Yasha S. Modi, MD: Defining The Utility and Durability Of Faricimab


Dr. Modi discusses the pending approval of faricimab for nAMD, DME treatment and highlights important observations from phase 3 data.

In an interview with HCPLive, Yasha S. Modi, MD, NYU Langone Health, discusses the pending FDA approval of faricimab for the treatment of both neovascular age-related macular degeneration (nAMD) and diabetic macular edema (DME). Faricimab is a novel angiopoietin-2 and vascular endothelial growth factor-A bispecific antibody.

Two sets of landmark phase 3 studies were the basis for the pending approval, including the TENAYA and LUCERNE for nAMD and YOSEMITE and RHINE for DME. Each found a reduced treatment burden and extended durability with faricimab.

"This is a unique molecule because unlike other molecules, which only block anti VEGF, this blocks, not only VEGF, but it also blocks angiopoietin-2," Modi said. "This unique molecule gives us the opportunity to have dual effect not only on minimizing VEGF expression, but also to promote vascular stabilization."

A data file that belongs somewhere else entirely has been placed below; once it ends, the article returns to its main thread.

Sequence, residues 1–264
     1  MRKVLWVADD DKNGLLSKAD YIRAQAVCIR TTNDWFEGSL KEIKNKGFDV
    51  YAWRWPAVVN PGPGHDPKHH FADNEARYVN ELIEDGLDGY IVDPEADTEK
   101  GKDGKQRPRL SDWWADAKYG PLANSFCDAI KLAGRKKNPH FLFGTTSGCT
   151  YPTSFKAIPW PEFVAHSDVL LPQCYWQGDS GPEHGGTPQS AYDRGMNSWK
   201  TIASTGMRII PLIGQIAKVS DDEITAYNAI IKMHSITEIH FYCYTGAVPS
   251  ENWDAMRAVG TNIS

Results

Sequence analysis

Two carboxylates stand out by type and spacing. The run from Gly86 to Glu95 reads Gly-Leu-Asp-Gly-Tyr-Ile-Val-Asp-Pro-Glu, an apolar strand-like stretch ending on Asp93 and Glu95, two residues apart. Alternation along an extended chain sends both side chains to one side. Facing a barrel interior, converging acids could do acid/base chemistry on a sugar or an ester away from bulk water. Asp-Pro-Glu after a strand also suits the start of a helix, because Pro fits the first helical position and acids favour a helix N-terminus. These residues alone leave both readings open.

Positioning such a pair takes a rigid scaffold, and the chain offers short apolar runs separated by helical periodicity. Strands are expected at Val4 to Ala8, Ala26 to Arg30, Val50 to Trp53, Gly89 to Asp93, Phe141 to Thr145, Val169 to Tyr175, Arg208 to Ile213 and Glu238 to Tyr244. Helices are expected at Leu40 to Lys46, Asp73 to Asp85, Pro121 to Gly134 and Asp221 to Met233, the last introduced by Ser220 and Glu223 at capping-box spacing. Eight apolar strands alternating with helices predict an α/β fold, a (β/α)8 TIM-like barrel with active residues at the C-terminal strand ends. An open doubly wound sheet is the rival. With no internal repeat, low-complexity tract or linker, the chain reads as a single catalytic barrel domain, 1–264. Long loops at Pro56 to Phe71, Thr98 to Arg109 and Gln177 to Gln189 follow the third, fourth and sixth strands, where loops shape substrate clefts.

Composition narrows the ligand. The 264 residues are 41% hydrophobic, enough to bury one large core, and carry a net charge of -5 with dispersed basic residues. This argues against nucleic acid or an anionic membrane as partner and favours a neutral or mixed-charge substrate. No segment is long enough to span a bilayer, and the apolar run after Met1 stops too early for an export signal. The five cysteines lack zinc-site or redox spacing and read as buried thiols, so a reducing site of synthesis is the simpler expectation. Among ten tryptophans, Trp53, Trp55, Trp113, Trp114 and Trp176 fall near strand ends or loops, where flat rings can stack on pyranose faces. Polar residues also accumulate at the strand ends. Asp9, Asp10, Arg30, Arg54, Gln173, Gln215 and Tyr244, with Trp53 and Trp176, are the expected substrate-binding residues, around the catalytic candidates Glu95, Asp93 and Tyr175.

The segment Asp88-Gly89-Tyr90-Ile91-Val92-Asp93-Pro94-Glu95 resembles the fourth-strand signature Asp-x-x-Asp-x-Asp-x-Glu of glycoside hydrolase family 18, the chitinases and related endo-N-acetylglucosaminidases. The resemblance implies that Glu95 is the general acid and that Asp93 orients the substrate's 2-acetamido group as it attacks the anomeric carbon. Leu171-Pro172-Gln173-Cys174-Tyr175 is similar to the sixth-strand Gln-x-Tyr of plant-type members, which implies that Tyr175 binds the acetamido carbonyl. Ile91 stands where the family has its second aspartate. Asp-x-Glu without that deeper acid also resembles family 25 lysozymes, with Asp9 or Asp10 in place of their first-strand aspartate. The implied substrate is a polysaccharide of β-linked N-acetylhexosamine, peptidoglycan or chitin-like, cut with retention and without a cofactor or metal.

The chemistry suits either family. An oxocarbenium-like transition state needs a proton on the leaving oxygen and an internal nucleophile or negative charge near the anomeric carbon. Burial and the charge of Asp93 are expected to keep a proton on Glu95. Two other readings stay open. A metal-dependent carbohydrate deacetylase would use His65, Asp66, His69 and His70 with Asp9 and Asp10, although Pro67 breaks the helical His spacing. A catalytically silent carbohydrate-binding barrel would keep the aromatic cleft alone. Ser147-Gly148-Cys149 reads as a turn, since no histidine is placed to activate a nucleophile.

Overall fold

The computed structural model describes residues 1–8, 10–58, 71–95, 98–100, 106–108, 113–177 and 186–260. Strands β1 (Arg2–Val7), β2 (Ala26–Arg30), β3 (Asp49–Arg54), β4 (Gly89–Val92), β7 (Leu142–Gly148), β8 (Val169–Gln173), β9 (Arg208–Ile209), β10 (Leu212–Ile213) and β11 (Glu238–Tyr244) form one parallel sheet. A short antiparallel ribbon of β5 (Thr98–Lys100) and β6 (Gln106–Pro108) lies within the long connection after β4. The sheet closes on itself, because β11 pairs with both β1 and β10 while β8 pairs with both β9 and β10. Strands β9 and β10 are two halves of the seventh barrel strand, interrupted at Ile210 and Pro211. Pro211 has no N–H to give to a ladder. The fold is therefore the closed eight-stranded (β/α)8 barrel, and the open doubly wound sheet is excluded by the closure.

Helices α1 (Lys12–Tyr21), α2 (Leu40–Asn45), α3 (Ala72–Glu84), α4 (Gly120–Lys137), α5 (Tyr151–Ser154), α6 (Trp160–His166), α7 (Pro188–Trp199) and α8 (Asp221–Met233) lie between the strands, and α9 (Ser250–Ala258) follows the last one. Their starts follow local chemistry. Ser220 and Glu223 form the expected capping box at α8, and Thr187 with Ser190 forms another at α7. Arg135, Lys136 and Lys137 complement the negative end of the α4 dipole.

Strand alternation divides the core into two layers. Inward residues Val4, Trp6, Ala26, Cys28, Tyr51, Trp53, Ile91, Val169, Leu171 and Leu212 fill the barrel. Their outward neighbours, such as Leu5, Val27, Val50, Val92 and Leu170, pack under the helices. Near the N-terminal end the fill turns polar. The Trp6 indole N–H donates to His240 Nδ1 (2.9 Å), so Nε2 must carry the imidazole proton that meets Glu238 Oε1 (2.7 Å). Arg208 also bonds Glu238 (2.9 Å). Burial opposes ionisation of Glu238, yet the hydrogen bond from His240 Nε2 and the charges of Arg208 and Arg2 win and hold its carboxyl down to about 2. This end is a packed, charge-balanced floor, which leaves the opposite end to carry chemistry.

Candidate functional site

Modi went on to discuss the considerable treatment burden of frequent injections and how new new drugs have attempted to increase durability between injections, without sacrificing efficacy.

He pointed out that the studies were designed to compared aflibercept (EYLEA) every 8 weeks versus fairicmab with the option to go to 12 or 16 weeks.

"In nAMD, about 80% of patients cut out to 12 weeks or longer, of which about 45% were able to get up to 16 weeks, which is pretty incredible," Modi said. "Similarly, in the RHINE and Yosemite studies, about 50% of individuals were able to get out to 12 weeks or more."

While he noted that aflibercept was not given the chance to extend to those time points in the study, as a noninferiority trial, other studies may show that faricimab does have an increased durability when compared to aflibercept.

Additionally, Modi spoke to the expected uptake of faricimab. He noted that another agent, Brolucizimab, experienced higher reports of inflammation than what was expected after the phase 3 studies, so investigators are prepared to look for the same complications.

"Assuming that we can recapitulate similar safety profiles to what is in the phase 3 trials, I think there's going to be a very rapid uptake in the number of doctors who are utilizing this medication to allow patients sort of similar efficacy to that of EYLEA but the longer duration between treatment," Modi explained.

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